“I can tell you that people who make those kind of comparisons need to check their history,” White House press secretary Jay Carney said, deflecting a reporter who asked about the increasingly frequent comparisons being drawn between President Obama and his White House predecessor, Richard Nixon.
Under assault by the White House press corps, Carney did his best today to make the administration’s case that it is not culpable for the scandals brewing throughout the federal government, from the Department of Justice to the IRS and the White House itself.
“The president is a strong defender of the first amendment and a firm believer in the need for the press to be unfettered,” he told reporters in response to inquiries about the Department of Justice’s monitoring of reporters’ telephone conversations.
The Associated Press reported yesterday that phone conversations were monitored in connection with a leak probe exploring how the news organization learned about a counter-terror investigation in Yemen. The disclosure sparked comparisons to the Nixon administration, during which the president infamously kept an “enemies list” composed of his political opponents.
The White House press secretary stressed the need to find the “balance” between the need to protect classified information and the need for a free press. “This is a balance that the president believes is important, that we have to find,” he said, but refused to comment on an ongoing criminal investigation.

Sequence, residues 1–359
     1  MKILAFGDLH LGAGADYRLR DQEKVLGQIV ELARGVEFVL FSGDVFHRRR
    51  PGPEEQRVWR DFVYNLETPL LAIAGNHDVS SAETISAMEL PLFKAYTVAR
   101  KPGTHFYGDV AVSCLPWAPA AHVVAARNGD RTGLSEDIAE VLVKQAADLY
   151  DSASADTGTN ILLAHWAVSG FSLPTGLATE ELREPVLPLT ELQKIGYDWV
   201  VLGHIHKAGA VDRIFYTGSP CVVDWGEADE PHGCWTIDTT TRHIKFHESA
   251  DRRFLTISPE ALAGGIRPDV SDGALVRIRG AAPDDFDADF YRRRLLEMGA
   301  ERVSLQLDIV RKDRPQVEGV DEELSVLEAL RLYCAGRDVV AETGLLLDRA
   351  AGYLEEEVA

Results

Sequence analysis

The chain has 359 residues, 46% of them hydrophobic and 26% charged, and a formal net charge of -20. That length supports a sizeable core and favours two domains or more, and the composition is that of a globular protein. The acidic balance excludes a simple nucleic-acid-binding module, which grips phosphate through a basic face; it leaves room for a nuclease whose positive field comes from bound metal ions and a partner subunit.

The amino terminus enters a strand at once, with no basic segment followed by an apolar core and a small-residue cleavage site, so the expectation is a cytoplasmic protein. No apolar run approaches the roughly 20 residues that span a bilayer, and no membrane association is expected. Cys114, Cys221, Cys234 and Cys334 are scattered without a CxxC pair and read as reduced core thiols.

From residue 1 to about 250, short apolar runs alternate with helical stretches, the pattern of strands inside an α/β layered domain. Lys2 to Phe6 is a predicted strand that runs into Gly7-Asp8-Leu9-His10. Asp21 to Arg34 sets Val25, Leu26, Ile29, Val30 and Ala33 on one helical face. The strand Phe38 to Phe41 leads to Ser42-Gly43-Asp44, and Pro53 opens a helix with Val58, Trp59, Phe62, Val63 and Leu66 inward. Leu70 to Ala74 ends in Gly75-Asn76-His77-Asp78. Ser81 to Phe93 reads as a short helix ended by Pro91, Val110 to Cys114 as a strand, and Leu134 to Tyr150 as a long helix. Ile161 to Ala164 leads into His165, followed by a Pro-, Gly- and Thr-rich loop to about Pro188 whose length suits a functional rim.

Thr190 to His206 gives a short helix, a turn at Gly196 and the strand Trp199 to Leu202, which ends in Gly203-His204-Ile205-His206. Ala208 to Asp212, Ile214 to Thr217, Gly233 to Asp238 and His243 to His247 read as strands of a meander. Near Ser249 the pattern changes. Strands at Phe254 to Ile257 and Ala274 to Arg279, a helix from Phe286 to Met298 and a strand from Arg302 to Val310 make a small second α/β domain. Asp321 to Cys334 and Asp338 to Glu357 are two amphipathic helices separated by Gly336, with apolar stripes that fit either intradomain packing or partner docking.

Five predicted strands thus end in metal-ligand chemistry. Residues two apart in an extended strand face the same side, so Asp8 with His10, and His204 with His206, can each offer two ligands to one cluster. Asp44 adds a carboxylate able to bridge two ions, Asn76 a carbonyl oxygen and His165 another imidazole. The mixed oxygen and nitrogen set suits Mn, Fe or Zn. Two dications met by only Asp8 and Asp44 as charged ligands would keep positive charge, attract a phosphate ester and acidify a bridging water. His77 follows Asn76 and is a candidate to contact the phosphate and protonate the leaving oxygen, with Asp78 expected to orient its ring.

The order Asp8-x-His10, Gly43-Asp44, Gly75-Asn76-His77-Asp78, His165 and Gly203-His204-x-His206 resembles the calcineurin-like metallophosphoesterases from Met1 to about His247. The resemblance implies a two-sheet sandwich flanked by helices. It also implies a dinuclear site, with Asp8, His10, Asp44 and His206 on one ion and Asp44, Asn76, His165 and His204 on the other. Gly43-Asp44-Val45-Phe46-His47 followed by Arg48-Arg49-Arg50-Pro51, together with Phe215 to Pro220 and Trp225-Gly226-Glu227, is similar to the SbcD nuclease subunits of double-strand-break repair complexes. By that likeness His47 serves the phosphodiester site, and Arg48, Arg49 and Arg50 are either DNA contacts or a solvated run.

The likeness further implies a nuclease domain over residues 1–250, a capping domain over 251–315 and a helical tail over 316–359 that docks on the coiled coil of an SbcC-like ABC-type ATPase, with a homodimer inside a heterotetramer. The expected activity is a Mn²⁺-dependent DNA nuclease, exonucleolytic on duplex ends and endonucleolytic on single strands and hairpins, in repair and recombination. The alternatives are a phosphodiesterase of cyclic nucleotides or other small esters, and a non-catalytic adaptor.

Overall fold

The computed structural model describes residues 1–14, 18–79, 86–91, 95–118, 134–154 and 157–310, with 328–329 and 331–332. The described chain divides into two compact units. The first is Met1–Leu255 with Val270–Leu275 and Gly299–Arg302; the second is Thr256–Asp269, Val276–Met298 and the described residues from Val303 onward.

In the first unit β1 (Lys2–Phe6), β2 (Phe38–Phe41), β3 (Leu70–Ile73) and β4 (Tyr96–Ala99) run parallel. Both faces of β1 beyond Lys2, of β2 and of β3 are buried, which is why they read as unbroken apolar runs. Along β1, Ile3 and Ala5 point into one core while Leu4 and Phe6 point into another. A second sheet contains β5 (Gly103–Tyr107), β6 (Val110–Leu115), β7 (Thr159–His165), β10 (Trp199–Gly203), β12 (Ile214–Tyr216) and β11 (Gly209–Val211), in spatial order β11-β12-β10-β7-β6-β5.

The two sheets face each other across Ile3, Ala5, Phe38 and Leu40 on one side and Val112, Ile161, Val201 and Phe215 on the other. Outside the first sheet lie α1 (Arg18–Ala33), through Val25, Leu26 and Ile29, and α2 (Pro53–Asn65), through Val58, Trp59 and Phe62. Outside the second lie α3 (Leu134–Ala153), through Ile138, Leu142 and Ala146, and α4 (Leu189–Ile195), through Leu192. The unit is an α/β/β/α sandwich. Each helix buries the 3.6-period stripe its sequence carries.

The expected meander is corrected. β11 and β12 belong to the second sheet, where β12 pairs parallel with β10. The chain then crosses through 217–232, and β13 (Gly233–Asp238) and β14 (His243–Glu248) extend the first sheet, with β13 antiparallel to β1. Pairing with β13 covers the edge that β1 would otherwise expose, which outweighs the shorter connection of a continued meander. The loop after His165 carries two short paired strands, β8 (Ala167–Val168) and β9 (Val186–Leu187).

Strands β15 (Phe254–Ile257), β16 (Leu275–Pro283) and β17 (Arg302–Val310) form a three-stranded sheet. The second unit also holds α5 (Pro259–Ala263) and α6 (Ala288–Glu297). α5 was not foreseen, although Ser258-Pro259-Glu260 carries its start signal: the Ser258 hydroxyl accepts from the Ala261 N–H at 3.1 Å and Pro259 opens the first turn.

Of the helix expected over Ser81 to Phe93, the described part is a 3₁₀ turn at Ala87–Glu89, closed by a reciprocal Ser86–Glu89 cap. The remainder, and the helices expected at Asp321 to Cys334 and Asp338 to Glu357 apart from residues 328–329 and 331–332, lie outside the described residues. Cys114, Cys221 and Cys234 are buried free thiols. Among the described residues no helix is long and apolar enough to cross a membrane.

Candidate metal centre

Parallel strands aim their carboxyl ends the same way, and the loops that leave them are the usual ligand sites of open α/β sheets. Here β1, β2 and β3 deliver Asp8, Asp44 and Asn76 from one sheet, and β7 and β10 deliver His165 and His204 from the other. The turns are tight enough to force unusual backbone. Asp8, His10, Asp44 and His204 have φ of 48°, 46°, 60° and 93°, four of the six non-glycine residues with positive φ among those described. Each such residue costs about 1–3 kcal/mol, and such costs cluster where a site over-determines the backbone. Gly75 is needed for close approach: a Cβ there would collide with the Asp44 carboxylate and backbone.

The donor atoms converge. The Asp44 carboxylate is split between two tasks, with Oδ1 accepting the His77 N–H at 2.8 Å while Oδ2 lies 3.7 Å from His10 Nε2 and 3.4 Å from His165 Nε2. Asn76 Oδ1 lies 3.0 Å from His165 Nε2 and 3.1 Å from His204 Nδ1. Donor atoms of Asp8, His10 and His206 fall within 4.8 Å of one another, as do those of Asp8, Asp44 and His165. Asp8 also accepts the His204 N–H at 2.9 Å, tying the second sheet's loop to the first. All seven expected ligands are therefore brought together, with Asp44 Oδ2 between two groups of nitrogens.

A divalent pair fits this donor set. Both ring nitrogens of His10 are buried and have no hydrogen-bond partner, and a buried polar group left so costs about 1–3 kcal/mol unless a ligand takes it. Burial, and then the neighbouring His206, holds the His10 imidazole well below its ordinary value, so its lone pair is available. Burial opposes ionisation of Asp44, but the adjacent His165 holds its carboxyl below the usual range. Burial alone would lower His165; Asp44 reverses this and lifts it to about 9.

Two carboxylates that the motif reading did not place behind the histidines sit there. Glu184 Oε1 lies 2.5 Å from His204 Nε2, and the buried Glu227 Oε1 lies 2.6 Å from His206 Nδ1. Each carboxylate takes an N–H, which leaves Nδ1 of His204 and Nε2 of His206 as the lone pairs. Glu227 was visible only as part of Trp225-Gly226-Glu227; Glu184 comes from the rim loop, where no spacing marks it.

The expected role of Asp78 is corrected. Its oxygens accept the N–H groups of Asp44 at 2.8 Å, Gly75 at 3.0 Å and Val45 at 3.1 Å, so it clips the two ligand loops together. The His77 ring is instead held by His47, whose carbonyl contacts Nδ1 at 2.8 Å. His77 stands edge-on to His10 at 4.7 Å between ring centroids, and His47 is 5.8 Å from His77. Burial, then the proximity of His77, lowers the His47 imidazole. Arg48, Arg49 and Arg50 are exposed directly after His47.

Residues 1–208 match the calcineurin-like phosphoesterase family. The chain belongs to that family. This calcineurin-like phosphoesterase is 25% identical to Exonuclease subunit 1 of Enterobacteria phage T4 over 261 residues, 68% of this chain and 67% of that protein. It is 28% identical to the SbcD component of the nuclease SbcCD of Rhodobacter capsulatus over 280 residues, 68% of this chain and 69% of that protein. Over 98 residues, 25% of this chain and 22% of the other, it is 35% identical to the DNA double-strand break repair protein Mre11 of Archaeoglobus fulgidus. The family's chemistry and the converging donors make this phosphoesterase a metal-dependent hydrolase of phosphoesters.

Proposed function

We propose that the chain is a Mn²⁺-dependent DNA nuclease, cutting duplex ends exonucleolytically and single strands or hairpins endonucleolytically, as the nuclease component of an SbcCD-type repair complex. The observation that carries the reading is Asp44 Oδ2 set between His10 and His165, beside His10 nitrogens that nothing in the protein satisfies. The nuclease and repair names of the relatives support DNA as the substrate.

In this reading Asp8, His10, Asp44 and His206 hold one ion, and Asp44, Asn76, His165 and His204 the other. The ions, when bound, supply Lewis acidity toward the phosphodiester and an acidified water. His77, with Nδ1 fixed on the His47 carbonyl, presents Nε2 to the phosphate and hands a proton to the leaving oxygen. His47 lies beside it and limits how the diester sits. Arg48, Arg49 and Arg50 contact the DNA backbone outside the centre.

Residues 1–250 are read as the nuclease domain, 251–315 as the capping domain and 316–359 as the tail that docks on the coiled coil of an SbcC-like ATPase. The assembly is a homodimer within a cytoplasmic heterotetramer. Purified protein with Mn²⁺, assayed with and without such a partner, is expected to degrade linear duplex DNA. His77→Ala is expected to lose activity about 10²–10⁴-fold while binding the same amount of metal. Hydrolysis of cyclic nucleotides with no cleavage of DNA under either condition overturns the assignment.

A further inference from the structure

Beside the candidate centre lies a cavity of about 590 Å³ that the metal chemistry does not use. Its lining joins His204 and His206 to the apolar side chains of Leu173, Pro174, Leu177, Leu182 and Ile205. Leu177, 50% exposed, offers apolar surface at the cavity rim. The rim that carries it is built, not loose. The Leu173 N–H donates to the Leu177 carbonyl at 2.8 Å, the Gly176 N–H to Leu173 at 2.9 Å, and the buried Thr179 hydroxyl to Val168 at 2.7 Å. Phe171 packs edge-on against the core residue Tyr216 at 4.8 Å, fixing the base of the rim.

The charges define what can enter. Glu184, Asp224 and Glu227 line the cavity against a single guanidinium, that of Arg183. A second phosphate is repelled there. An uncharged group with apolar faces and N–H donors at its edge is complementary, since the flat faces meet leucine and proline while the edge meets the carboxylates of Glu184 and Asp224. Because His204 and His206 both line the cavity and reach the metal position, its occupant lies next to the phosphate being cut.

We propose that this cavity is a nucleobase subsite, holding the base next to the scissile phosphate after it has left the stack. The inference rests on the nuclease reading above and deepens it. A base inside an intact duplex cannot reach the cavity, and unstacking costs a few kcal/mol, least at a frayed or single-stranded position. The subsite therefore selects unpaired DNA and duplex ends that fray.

That investigation is now being supervised by Deputy Attorney General James Cole. The Department of Justice said earlier today that attorney general Eric Holder recused himself from the matter after being interviewed by the FBI in connection with the investigation.
Carney was similarly reticent to offer comment about the IRS’s targeting of conservative groups, insisting repeatedly that the administration is waiting for the release of an inspector general’s report, which is expected to come this week.
Holder, however, indicated that his department is taking action. “The FBI is coordinating with the Justice Department to see if any laws were broken in connection with those matters related to the IRS,” he said, speaking at a simultaneous press conference. “We are examining the facts to see if there were criminal violations.”
“In every instance either the president or you have placed the responsibility on someone else,” AP reporter Jim Kuhnhenn told Carney. “But it is the president’s administration.” With that — the opening remark of the briefing — he seemed to sum up much of the sentiment among a press corps that feels frustrated, misled, and still looking for answers.